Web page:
I didn’t know how to answer that question. Now, I knew – at least I think I knew – what that young man was asking. Which of you – you or your siblings – has been the most successful, either in your career, or in the accumulation of wealth? Quite frankly, I don’t really know. If we’re measuring on a wealth scale – I really don’t know. I mean, all three of us are cheap – I mean frugal. The Milleville kids were taught to be savers. And quite frankly, I never felt that any of the three of us were ever in competition with the others on the wealth and success scale.
All three of us have enjoyed our careers. I’ve enjoyed mine. Both of them. The first one – I started my working life as a computer programmer analyst, Did that for 12 years. I enjoyed it, but was not passionate about it. But the second one – oh man! I love what I do. As your pastor – I love what I do. SO yes – if success can be described as feeling fulfilled in what you do – feeling content in who you are – in having an abundance of loving family and friends in your life – then yeah, I guess I would say I am a success. It all depends on what it is you’re measuring, wouldn’t you agree?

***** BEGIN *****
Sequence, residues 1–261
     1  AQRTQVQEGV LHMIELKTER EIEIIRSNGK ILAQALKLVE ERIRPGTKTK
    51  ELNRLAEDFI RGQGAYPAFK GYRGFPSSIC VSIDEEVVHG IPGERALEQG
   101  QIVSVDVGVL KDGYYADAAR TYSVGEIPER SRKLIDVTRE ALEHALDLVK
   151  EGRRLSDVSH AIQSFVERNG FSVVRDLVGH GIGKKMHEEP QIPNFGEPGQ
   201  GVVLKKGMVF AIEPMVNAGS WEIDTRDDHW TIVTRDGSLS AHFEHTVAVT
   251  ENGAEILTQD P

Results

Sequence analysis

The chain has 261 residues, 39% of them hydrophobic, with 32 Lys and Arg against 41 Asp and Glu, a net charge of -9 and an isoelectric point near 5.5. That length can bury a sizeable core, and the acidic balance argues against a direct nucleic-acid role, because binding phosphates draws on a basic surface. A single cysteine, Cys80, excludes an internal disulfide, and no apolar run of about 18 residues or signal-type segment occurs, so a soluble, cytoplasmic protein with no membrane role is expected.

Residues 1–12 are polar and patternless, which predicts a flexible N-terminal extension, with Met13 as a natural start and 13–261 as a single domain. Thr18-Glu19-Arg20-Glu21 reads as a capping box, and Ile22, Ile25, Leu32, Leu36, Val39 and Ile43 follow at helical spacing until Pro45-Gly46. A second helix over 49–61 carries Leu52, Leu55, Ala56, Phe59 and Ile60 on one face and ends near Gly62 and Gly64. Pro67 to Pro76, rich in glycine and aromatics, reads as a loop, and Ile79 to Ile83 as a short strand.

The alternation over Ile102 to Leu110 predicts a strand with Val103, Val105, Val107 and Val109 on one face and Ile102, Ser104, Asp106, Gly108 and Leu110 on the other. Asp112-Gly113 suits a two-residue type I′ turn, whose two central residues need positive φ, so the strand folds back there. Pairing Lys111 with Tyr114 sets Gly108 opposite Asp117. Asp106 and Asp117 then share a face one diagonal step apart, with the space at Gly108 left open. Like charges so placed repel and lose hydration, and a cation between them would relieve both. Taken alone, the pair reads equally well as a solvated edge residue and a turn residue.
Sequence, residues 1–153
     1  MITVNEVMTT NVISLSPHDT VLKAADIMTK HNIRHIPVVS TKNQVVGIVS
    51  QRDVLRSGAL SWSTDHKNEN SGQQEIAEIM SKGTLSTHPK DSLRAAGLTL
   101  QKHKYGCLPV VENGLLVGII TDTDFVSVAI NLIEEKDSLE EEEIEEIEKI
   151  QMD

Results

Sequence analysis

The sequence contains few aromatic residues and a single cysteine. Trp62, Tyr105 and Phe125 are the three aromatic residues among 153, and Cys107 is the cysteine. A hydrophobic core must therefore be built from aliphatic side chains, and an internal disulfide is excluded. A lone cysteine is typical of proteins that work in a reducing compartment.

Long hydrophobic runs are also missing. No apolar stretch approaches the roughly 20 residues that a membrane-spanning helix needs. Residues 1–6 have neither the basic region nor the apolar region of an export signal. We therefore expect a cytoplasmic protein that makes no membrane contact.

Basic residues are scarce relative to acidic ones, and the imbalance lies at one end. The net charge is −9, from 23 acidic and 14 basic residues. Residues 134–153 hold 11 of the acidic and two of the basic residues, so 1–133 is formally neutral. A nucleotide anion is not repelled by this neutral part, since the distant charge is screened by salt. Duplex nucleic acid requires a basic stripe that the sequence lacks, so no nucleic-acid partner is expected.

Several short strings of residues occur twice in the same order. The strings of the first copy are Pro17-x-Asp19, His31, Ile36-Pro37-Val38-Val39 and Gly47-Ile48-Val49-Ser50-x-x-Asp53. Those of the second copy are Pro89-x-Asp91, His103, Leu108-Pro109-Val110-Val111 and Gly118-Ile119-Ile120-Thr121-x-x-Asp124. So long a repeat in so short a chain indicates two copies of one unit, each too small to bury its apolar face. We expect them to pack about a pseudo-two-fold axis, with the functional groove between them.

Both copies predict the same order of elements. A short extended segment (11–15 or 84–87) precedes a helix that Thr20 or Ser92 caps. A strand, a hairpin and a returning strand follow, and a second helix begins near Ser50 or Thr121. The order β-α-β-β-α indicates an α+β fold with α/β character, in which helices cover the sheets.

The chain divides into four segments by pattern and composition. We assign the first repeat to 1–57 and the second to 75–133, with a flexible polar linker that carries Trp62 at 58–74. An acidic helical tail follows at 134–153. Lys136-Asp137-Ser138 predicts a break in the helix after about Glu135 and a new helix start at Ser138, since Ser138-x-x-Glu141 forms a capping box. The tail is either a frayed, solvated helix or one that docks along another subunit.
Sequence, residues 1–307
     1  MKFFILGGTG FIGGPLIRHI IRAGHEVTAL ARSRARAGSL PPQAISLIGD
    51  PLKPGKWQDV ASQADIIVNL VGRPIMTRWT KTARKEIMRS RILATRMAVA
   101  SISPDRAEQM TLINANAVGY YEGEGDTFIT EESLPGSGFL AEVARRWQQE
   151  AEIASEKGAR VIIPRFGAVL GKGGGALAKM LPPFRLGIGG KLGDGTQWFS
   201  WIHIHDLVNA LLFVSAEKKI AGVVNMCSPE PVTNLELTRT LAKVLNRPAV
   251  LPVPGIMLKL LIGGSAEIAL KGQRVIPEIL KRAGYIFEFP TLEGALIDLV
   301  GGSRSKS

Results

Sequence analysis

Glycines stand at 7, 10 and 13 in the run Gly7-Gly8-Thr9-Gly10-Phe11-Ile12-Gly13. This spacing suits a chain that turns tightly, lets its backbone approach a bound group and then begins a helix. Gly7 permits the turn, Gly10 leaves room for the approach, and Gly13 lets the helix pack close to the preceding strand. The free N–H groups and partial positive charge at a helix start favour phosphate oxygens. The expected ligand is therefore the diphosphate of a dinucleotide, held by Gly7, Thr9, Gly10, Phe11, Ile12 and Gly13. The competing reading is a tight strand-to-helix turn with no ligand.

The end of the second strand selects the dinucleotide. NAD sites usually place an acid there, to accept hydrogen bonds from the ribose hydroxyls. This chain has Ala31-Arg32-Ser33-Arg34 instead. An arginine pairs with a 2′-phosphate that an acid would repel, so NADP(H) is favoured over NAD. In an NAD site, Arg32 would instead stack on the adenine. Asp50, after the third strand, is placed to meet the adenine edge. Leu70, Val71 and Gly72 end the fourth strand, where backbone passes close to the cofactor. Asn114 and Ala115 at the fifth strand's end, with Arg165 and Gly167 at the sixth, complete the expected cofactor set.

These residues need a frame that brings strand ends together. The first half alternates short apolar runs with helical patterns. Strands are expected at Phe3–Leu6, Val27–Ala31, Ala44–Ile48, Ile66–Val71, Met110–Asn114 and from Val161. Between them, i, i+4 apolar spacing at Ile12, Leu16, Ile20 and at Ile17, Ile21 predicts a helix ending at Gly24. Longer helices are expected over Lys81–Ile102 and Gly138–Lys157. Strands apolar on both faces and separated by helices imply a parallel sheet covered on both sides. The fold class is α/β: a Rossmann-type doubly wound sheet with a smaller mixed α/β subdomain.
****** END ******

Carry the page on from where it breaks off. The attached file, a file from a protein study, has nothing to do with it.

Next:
I’m here to tell you today that there are many ways to measure success. And I’m going to suggest that there are essentially two ways. The first way is the way of the world –the yardstick that the world uses to tell us whether or not we’re a success. Money. Wealth. Possessions. Fame.
The other is the yardstick that Jesus uses. One is temporary. One is eternal. One satisfies. One does not. One makes people become self-centered. The other does not. Can you guess which yardstick I’m going to encourage us to use today?